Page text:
MML #6 – State Helps Communities Become Redevelopment Ready

Andy Meisner Treasurer TOPLocal Hop Ad TOPMML #6 – State Helps level_one_ad01Communities Become Redevelopment Ready

(Crystal A. Proxmire, Sept. 29, 2016)

Mackinac Island, MI – Change in communities happens in one of two ways, either with thoughtful planning or by chaos.  Across the state there are communities on the cusp of recovering from the recession of the past decade, and those that are investing in smart growth and planning are the ones thriving.

As part of the Michigan Municipal League’s 2016 Convention, Vice President of Community Development at the Michigan Economic Development Corporation Katherine Czarnecki ChamberAd_02shared how the MEDC has been working with local communities to understand and implement the changes that most help them achieve success, and invited communities to reach out to the MEDC to be part of the program.

“It takes 9 months to 2 years to become certified,” Czarnecki said.  “We’ve been working with the Michigan Municipal League to bring people into this program.” Communities that want to participate can begin in October and November with training on best practices and a plan to launch websites for their development ideas by the summer of 2017, and implementation by this time next year for those that are diligent about the process and able to get positive engagement from community members.

The basic point for communities to understand is the cyclical way that businesses, people and places tie together.  “Business needs talent.  Talent needs place.  Place needs business,” she Pledge_side_bluesaid.

Companies large and small cannot survive in areas where there is not a workforce that meets their needs.  From basic workers to creative leaders, businesses know that thriving communities are the place to invest.  Likewise people, particularly those who have grown up in an era where there have not been long-term manufacturing jobs or stability in public service jobs, are more flexible in their ideas about work and settling.  Distance is also less of a factor as many jobs are technology based. So more and more people pick a place they want to live and a community they want to be part of.

This is why Redevelopment Ready communities invest not only in business attraction, but in creating a sense of place.

“People don’t go to Grand Rapids and say wow, Grand Rapids has the best Target [store],” blumz01Czarnecki said.

What they are looking for, she said, are places where they can feel welcomed and engaged with the community around them.  Czarnecki gave five factors that can increase a community’s attractiveness for residents and for businesses – both of which are needed for prosperity to occur, or at least to maintain tax levels so schools and cities can provide services to residents.

COMPACT ACTIVITIES – Many people want to live in a place where daily living and experiences occur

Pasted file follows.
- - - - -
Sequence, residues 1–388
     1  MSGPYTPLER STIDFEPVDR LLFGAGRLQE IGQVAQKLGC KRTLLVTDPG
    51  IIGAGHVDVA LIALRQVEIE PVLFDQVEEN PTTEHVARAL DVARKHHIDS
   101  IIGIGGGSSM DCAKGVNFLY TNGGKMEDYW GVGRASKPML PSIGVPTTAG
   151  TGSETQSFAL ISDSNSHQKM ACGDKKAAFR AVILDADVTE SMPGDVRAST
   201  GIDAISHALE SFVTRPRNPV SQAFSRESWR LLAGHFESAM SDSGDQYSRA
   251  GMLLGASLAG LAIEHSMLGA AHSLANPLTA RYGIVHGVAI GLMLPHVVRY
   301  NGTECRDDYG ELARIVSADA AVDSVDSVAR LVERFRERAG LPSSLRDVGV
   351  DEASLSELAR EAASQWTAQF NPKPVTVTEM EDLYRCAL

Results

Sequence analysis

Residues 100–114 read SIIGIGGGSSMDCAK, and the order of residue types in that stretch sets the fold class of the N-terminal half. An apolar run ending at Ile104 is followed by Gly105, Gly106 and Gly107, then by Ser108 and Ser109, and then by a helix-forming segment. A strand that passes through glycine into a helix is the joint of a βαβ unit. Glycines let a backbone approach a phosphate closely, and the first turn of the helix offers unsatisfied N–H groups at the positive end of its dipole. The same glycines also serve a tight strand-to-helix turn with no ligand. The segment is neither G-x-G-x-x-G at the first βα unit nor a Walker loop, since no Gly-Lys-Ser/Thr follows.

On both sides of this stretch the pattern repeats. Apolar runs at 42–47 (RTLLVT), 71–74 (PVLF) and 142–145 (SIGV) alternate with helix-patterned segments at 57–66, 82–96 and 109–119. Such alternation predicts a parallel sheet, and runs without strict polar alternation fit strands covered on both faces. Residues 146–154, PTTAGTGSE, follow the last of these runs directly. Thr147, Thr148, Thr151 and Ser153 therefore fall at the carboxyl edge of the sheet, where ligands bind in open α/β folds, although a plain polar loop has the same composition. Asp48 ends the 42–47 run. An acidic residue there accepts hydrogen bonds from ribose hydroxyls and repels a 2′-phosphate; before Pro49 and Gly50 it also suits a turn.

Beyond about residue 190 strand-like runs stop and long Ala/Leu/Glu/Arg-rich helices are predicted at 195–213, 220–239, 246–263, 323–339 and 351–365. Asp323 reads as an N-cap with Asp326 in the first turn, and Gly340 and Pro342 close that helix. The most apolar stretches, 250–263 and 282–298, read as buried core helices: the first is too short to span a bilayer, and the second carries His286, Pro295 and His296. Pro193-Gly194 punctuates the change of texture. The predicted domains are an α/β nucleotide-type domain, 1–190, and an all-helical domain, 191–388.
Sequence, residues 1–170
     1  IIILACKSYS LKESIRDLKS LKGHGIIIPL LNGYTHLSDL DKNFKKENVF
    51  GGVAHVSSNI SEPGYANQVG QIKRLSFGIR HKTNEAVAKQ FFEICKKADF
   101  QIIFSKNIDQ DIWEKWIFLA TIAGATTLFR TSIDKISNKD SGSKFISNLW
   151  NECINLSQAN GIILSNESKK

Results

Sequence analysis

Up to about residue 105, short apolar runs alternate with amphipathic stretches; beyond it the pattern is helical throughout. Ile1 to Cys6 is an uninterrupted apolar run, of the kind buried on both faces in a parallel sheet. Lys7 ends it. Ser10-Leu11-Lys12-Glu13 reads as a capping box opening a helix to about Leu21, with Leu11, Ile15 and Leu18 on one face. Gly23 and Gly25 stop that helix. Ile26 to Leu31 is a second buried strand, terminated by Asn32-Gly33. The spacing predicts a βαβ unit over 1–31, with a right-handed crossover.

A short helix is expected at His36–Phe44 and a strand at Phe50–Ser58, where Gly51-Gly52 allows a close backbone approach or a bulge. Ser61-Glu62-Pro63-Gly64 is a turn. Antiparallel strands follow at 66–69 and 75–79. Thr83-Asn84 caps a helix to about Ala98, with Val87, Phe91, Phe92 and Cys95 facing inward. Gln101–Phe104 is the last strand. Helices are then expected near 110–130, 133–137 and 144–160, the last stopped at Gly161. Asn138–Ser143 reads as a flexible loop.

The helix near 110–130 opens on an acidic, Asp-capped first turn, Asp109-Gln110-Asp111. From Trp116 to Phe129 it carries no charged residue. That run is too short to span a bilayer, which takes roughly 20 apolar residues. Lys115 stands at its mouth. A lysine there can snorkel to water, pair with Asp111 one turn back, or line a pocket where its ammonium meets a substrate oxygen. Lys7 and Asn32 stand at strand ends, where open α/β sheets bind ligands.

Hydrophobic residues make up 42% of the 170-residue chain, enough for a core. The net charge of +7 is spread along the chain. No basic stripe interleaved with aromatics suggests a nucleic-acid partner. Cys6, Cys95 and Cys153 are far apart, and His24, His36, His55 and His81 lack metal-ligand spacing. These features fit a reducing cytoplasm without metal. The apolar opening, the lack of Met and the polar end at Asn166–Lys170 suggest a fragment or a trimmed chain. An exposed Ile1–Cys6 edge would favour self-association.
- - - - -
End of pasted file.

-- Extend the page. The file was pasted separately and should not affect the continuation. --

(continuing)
INTERCONNECTED NETWORKS – Many people want to live in places where there are routes that encourage walking and bicycling, either for practical reasons or for pleasure

WIDE RANGE OF HOUSING – Communities thrive that have many styles of housing at various price points.m1_two tone

APPROPRIATE NEIGHBORHOOD DENSITY – Communities that are planned can be welcoming, communities that are hodgepodges of chance can be off-putting.

DISTINCT OR UNIQUE CHARACTERISTICS – People relate to what is unique, what they can tell their friends and co-workers about.  Amenities like unique parks, public art, public wifi, and community gathering spaces as well as natural features and history all make communities more attractive.

Yet planning can be expensive and often local officials lack the experience or knowledge to do planning well.  Municipalities that need redevelopment the most are often the most challenged when it comes to funding it.

garden16_andy_lecreauxThat is why the MEDC is working with communities as a public service.  “It’s not like the state coming in and telling you what to do.  Every community is different based on their strengths,” Czarnecki said.

The MEDC helps communities with community plans and outreach, zoning regulations, development review processes, recruitment and education, redevelopment ready sites and overall community prosperity, and they can connect municipalities with funding opportunities.

In Oakland County, Redevelopment Ready Communities include Farmington, Ferndale, Lathrup Village, Novi, Pontiac and Southfield.

For a basic overview of Redevelopment Ready Program go to SaharaAd_04

For a more detailed look at redevelopment best practices, check out

The Michigan Municipal League is dedicated to making Michigan’s communities better by thoughtfully innovating programs, energetically connecting ideas and people, actively serving members with resources and services, and passionately inspiring positive change for Michigan’s greatest centers of potential: its communities. The MML has supported the oc115 with a scholarship to the conference.  Learn more about MML

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